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[Editorial] Significance of SOFA

Posted July. 15, 2000 09:19,   


It is truly abominable to think that any individual or organization would allow an unleashing of potentially life-threatening toxic waste unto a water system such as Han River. To think it was the U.S. Forces Korea which perpetrated such an act sends shivers down the spine. One cannot but ask whether such incident would ever be possible within the U.S. borders. While the spokesperson for the U.S. Armed Forces in Korea has announced the adoption of a preventive measure against recurrence of such toxic waste dumping and expressed their regret, it should not serve to bring the matter to a close.

The USFK must further specify the details of their preventive follow-up measure as well as explain the discrepancy in the reported amount of toxic waste released with that alleged by an environmental watchdog, Green Korea United (GKU). The USFK must further come clean and disclose of its knowledge of any other such toxic waste dumping incidents at army bases around the peninsula. As for those responsible through action or knowledge, justice must be swift and sure.

Coming on the tail of such environmental distrust, the issue of primary and secondary environmental pollution caused by the presence of the U.S. Armed Forces will likely be a contentious one during the revision of Status of Force Agreement talk which is just around the corner. Korean negotiators must not give ground in pushing for an insertion of environmental protection and responsibility clause into the SOFA and install a comprehensive systemic preventive mechanism to expel such barbarous actions from ever recurring.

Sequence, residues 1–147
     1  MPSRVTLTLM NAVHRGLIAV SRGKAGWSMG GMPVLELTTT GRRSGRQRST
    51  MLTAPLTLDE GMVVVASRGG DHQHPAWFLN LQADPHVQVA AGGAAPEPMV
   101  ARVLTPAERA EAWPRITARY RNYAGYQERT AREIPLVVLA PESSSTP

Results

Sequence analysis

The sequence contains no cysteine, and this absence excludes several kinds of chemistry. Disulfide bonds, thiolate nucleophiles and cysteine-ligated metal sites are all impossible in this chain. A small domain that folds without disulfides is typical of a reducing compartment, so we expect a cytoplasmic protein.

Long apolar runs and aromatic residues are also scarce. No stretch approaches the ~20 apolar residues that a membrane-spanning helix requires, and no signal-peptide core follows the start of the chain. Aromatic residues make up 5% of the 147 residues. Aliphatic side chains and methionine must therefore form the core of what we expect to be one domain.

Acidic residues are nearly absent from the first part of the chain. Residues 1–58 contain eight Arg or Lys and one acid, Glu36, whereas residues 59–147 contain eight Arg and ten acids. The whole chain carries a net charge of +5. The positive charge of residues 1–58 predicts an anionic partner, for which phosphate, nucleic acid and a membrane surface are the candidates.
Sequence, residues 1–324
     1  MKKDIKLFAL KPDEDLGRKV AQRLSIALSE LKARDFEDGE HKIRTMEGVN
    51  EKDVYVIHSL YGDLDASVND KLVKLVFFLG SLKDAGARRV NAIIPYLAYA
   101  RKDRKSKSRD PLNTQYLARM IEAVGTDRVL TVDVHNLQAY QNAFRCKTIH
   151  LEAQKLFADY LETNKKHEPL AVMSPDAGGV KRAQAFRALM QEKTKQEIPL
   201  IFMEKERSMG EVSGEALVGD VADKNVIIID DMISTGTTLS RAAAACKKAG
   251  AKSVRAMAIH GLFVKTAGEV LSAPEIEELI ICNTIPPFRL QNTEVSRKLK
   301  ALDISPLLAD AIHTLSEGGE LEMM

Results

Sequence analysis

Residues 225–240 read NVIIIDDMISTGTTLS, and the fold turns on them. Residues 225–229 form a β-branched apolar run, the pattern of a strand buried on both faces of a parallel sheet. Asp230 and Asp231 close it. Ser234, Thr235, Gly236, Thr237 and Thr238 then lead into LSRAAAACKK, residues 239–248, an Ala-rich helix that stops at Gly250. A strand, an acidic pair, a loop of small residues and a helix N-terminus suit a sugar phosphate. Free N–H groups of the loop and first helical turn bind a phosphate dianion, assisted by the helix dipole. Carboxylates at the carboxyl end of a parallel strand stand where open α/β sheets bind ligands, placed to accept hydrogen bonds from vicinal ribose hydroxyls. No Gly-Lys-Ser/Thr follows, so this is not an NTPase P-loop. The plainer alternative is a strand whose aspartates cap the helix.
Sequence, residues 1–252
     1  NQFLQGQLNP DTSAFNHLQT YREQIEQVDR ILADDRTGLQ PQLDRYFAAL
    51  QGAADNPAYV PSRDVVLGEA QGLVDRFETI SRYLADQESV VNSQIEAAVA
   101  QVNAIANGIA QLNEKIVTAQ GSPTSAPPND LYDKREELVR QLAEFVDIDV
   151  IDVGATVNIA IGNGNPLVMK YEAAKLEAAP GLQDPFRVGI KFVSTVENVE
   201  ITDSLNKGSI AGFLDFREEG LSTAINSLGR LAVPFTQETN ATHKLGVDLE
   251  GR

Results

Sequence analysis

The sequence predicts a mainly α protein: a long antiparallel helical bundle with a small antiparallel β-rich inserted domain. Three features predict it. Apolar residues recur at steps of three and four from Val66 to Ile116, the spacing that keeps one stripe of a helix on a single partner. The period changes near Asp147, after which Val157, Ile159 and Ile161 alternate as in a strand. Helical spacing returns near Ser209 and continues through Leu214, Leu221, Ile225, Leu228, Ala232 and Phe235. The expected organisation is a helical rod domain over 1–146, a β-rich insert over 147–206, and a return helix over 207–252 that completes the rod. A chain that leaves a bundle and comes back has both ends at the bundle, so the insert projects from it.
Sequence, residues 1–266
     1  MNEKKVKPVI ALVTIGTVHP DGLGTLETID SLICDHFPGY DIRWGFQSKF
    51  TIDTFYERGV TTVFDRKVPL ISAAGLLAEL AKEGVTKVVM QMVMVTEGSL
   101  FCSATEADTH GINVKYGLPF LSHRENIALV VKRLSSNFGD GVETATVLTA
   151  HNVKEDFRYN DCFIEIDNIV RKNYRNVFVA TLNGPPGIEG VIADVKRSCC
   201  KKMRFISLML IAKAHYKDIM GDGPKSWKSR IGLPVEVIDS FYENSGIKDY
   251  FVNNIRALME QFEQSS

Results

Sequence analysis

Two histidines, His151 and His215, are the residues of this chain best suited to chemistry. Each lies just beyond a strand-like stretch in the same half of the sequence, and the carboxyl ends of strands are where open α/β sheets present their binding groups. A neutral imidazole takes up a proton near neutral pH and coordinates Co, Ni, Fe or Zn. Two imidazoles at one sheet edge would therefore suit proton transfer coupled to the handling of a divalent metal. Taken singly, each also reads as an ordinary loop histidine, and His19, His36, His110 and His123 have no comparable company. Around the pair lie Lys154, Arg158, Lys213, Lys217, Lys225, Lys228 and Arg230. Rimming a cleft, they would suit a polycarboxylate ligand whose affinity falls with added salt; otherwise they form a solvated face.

However, the position hinted by USFK that such measure may not be necessary brings a shadow of worry for those keeping a close watch on the SOFA negotiations. Simply put, USFK has taken a rather stubborn stance by anyone`s standard in calling for a continued observance of the out-dated agreement and only seeks to revise the agreement for its benefit. While Korea seeks a comprehensive meeting of minds for criminal jurisdiction clause as well as the broader issues concerning environmental pollution and labor rights among others, the U.S. seeks to only address the question of legal jurisdiction and custody of suspected criminals belonging to the U.S. Armed Forces in Korea. Judging by their suggested scope for the talks, one can only wonder what the U.S. must think of the Korean jurisdictional sovereignty. While the U.S. has expressed its willingness to agree to the transfer of the suspect to Korean authorities at the time of indictment rather than at the time of conviction, the U.S. is demanding jurisdiction over all misdemeanor cases.

In addition to such invasion of jurisprudence, the U.S. further proposes to make a list of crimes for which Korea may hold jurisdiction over suspects belonging to the USFK, and they propose to retain the right to keep custody when they judge that the suspect`s civil rights have been breached. If such terms were agreed to by the negotiators, it would only cause to make SOFA even more lopsided than before.

The schism in the relationship between the USFK and Korea which has surfaced recently in Mae-hyang-ri among others can be said to have resulted from the lopsidedness of the SOFA. Without drastic changes made to the SOFA, the anti-American sentiment is sure to flare up higher. For the mutual benefit and understanding as we look toward the future shared in harmony by both nations, the U.S. needs to come to the table with understanding and openness befitting its size.